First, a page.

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Could falcons be the latest innovation in drone warfare?

Last time we checked in with Pakistan's falcon population, we reported on the surprising, feel-good story of how the Taliban have saved the fearsome birds in the tribal areas by fueling violence that has scared off poachers. Now there's a new wrinkle when it comes to the status of falcons in this troubled region.

On Monday, Indian security forces recovered a dead falcon that had been outfitted with a camera and an antenna (see photo above) near the fort city of Jaisalmer. According to Agence France-Presse, the wired bird has spooked Indian military officials, who say that while it may just be the work of hunters, "the possibility of it being an espionage attempt from Pakistan cannot be ruled out at this stage."

So, is Pakistan turning its great falcon glut into a low-tech drone fleet as part of its ongoing confrontation with India? Fueling suspicions in this case is the fact that the bird was recovered in an area used by the Indian military for war games. As recently as April 2012, India massed 50,000 troops in the area for joint exercises between its army and air force. A falcon would seem like the perfect countermeasure, no?

As it happens, this isn't the first time Indian authorities have insinuated that Pakistan is enlisting avian henchmen to spy on its nemesis to the south. In 2010, Indian authorities placed under armed guard a pigeon suspected of delivering messages across the border. The pigeon, police said, may have been on a "special mission of spying."

Could this also be part of a regional trend of using feathered friends to outwit high-tech aerial defenses? In 2011, Saudi authorities detained a vulture on charges that it was spying on behalf of Israel after learning that it bore a tag reading, "Tel Aviv University." And while officials eventually cleared the bird -- named R65, for its identification code --  on charges of espionage, is it too much to hope that, somewhere in the Pakistani hinterlands, an army of falcons-turned-surveillance drones is gathering strength?

Stay safe out there, feathered friends.

STR/AFP/Getty Images

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Actually, John Kerry doesn't have a Chinese counterpart

From April 12 to April 15, U.S. Secretary of State John Kerry toured Asia -- discussing North Korea's provocations and meeting with a series of top officials including his Japanese and South Korean counterparts, the foreign ministers of those two countries. In China, he met with the two top Communist Party officials as well as the state councilor in charge of foreign policy, Yang Jiechi, and Foreign Minister Wang Yi, who is sometimes called Kerry's counterpart. But it's worth noting that Wang is much, much lower down on Beijing's official totem pole than Kerry is on Washington's.

In the United States, the secretary of state is unquestionably important, as the line of succession makes clear. If the president dies, Kerry is fourth in line, behind the vice president, the speaker of the House, and the president pro tempore of the Senate. China has no public line of succession, but it does rank its top officials: the 25 members of China's top governing body, the Politburo, are nominally the most powerful officials in China (with the exceptions of influential former officials like Jiang Zemin, who no longer hold official positions, and with the regular caveats about Chinese political opacity, this ranking is considered accurate). Within that group is the even more elite seven-member Standing Committee, chaired by Xi Jinping, who's ranked number one and widely seen as the most powerful man in China.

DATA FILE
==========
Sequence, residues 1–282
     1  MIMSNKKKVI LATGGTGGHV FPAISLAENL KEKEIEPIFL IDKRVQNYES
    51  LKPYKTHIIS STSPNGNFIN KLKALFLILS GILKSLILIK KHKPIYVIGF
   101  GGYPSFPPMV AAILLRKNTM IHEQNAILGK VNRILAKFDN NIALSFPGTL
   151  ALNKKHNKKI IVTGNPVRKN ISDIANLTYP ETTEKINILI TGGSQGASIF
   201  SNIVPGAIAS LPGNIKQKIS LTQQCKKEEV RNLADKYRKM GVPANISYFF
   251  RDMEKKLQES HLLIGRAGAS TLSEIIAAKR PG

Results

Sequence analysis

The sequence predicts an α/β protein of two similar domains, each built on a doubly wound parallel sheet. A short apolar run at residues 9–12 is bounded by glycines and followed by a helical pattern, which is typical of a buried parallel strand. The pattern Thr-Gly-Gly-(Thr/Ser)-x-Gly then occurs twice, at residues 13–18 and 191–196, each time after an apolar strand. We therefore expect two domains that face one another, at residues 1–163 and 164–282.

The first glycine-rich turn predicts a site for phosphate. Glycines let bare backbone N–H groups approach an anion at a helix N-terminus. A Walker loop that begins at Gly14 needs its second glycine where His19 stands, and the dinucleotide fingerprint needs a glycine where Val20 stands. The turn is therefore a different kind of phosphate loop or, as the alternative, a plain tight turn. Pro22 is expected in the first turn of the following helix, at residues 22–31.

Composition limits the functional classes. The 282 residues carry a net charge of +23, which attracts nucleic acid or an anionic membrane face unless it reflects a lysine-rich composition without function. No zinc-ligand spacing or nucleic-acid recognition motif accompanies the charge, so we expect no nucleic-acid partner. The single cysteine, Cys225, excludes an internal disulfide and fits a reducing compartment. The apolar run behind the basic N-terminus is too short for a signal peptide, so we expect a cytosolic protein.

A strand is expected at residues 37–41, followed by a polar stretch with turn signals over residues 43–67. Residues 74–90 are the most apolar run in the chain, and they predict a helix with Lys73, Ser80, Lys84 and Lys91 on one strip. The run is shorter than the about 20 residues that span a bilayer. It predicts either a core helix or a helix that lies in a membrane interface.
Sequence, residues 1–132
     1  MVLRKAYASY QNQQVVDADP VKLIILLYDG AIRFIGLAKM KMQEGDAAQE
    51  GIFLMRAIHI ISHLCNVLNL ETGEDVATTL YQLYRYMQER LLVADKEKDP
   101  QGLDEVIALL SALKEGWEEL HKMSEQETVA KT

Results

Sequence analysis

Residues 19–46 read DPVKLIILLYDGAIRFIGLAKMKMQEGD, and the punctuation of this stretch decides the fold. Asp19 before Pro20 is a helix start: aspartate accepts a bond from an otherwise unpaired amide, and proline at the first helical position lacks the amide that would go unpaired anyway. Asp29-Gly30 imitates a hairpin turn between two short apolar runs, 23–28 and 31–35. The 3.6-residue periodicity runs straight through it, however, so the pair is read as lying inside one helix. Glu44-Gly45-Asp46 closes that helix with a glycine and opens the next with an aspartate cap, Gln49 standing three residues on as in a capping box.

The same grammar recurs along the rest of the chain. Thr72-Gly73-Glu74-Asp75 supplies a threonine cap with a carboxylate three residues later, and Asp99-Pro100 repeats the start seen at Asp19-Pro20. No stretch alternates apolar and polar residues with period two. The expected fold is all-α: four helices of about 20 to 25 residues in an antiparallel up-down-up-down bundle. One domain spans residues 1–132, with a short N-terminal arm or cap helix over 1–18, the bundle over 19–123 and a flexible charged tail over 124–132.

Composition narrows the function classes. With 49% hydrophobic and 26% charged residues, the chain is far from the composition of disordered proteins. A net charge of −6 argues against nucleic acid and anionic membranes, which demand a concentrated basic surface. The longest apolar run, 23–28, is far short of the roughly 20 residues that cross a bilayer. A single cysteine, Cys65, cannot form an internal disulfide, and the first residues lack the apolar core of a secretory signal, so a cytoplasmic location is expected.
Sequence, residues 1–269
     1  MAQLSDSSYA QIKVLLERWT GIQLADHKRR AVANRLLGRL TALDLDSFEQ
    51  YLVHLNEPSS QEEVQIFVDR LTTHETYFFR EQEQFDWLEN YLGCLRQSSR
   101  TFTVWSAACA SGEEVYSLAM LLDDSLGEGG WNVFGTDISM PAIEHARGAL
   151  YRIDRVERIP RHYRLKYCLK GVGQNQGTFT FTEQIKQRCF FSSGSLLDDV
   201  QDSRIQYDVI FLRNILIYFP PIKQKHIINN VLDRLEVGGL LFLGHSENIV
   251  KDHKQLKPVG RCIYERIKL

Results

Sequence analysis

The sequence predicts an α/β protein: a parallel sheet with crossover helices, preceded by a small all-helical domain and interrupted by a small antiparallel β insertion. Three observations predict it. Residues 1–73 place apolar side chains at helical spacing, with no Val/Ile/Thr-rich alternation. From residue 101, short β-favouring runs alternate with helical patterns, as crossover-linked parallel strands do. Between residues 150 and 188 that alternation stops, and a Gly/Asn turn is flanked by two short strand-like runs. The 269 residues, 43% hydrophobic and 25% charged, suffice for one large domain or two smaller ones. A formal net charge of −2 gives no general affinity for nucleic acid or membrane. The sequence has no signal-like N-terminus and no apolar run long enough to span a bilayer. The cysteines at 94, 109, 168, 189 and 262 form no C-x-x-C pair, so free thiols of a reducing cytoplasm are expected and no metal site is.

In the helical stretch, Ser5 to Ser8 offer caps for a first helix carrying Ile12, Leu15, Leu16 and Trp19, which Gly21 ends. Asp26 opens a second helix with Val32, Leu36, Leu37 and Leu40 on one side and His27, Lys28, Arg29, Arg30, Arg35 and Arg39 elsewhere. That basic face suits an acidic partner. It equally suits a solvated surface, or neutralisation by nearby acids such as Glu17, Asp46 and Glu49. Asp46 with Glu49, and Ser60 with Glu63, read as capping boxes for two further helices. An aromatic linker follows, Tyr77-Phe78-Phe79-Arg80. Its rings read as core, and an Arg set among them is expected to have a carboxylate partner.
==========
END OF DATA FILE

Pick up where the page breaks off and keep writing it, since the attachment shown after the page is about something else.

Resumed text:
Where does State Councilor Yang fit in to all of this? Not only is he outside both the Standing Committee and the Politburo, but he's also probably less powerful than several -- if not dozens -- of high-ranking officials who are also not Politburo members, as well as the retired officials from the last Standing Committee, including Hu Jintao and Wen Jiabao, who are also no longer Politburo members. Call Yang the 40th most-powerful official in China -- roughly equivalent to Chairman of the U.S. Senate Committee on Foreign Relations Bob Menendez.

And Yang easily outranks the foreign minister. China's premier Li Keqiang, ranked second in the official hierarchy, oversees the State Council. And Yang, as one of five state councilors, plays a role in managing China's ministries, of which the Foreign Ministry is but one -- and one seen as relatively weak.

Foreign Minister Wang, in other words, has the kind of power Chairman of the U.S. House Committee on Foreign Affairs Ed Royce wields on a bad day.

So where is foreign policy made in China? "By the Chinese Communist Party's Central Leading Group on Foreign Affairs, which General Secretary Xi Jinping heads," Willy Lam, senior fellow at the Jamestown Foundation, wrote in March in these pages. "Members of this top-level interdepartmental organ include representatives from the Foreign Ministry, the army, and the Ministry of State Security, as well as departments handling energy and foreign trade." 

So keep in mind: When Kerry sits down with Yang and Wang -- as he did on this trip and will likely do again during the Strategic and Economic Dialogue, a meeting between high-level U.S. and Chinese officials -- he's not meeting with the real decision-makers.